The kelvin is the unit of thermodynamic temperature in the International System of Units (SI). It is one of the seven SI base units, and is named after William Thomson Kelvin (1824-1907), the Scottish mathematician and physicist who helped lay the foundation for modern physics. The definition of the unit of thermodynamic temperature was given in substance by the 10th General Conference on Weights and Measures (CGPM) (1954) which selected the triple point of water as the fundamental fixed point and assigned to it the temperature 273.16 °K, so defining the unit. The 13th CGPM (1967) adopted the name kelvin (symbol K) instead of "degree Kelvin" (symbol °K) and defined the unit of thermodynamic temperature as follows:
The kelvin, unit of thermodynamic temperature, is the fraction 1/273.16 of the thermodynamic temperature of the triple point of water.
Because of the way temperature scales used to be defined, it remains common practice to express thermodynamic temperature, symbol T, in terms of its difference from the reference temperature T0 = 273.15 K, the ice point. This temperature difference is called a Celsius temperature, symbol t, and is defined by the quantity equation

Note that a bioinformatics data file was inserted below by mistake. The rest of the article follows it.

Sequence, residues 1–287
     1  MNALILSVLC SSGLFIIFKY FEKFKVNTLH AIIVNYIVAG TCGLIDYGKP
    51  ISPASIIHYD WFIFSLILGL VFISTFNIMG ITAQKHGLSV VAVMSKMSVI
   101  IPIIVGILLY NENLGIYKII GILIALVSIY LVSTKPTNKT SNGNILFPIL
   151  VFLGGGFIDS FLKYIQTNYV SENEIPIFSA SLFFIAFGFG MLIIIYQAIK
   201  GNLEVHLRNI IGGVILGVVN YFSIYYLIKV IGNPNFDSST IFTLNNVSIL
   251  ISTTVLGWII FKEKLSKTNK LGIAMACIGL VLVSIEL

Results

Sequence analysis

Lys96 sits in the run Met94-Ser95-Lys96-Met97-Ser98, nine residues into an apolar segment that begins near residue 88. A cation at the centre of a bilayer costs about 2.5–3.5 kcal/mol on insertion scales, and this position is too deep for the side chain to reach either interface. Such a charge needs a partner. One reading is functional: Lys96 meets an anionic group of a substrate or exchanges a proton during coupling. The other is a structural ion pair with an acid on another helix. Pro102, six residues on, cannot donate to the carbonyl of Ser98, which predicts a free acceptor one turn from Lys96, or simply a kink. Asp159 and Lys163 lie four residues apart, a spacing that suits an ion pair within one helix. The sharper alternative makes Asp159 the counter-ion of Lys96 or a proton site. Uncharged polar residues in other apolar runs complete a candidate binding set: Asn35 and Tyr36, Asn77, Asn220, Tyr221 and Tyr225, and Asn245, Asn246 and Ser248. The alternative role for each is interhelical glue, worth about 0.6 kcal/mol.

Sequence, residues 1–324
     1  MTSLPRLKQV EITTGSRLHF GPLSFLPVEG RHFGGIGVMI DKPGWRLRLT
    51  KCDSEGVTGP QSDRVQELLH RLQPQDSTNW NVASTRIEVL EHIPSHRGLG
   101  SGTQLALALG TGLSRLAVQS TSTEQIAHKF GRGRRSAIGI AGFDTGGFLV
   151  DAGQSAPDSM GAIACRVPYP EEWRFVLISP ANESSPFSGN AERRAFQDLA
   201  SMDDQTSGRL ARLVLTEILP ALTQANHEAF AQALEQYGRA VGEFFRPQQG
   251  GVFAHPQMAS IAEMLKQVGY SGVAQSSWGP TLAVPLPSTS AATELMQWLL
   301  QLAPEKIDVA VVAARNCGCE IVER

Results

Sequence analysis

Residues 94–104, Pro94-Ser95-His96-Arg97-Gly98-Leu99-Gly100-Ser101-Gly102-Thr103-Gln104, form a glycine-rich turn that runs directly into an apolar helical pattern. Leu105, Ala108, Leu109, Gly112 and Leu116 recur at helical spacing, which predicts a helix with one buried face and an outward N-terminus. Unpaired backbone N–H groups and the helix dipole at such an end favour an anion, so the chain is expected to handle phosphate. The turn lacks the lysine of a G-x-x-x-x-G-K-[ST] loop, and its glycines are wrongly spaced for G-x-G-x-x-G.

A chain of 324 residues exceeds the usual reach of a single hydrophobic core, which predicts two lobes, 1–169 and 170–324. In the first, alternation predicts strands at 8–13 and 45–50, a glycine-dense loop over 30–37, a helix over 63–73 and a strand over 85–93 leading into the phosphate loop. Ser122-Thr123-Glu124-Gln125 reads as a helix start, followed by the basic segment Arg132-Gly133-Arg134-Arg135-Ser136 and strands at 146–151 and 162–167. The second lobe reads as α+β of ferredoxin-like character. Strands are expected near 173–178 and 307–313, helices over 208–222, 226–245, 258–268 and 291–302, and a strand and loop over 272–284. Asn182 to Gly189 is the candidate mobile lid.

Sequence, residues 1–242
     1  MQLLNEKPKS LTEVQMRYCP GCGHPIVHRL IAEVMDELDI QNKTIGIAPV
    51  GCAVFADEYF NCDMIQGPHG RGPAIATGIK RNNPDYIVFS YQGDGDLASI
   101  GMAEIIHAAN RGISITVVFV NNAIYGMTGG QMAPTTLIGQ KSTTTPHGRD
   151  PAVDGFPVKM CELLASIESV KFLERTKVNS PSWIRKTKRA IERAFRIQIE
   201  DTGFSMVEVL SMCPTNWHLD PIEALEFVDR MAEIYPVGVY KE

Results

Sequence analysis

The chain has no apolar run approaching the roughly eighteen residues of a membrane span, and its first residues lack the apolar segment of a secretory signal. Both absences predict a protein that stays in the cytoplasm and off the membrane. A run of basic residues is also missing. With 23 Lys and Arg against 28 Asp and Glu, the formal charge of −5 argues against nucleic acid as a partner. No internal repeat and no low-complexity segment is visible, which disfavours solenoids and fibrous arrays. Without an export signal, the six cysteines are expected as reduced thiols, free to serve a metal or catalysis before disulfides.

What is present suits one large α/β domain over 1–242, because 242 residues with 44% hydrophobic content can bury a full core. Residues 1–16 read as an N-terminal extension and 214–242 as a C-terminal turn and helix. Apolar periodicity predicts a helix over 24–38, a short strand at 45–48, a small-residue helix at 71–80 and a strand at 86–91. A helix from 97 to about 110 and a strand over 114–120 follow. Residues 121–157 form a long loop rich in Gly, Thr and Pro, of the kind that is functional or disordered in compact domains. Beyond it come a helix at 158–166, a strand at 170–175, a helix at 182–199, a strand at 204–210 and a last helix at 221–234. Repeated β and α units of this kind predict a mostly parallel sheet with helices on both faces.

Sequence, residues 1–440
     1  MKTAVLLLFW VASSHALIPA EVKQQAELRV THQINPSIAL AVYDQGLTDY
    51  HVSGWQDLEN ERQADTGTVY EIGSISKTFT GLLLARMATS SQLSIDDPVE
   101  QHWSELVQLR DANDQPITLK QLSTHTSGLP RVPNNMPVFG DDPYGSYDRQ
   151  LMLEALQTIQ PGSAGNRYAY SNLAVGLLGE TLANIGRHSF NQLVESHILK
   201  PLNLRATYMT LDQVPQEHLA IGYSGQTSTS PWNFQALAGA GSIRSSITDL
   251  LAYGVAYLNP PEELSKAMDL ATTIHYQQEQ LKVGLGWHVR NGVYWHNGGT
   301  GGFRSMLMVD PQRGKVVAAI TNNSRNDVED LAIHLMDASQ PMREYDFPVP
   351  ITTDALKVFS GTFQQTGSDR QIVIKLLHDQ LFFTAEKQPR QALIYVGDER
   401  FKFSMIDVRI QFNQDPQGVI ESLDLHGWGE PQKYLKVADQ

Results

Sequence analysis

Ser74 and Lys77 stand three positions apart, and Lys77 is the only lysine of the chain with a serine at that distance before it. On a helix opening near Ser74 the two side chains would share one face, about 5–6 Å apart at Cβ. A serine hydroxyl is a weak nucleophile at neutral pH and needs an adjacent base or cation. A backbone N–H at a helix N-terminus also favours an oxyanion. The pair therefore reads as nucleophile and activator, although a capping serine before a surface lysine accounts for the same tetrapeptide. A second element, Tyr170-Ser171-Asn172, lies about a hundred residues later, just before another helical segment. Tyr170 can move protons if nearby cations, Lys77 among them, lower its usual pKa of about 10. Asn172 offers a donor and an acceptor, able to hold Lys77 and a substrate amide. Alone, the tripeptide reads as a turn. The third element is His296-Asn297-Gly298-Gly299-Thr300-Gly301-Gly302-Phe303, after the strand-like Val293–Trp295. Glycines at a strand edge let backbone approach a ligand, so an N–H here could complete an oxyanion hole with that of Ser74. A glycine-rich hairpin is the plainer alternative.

The unit of Celsius temperature is the degree Celsius, symbol °C, which is by definition equal in magnitude to the kelvin. A difference or interval of temperature may be expressed in kelvins or in degrees Celsius. The numerical value of a Celsius temperature t expressed in degrees Celsius is given by
The kelvin and the degree Celsius are also the units of the International Temperature Scale of 1990 (ITS-90) adopted by the International Committee for Weights and Measures (CIPM) in 1989.
The NIST Reference on Constants, Units, and Uncertainty
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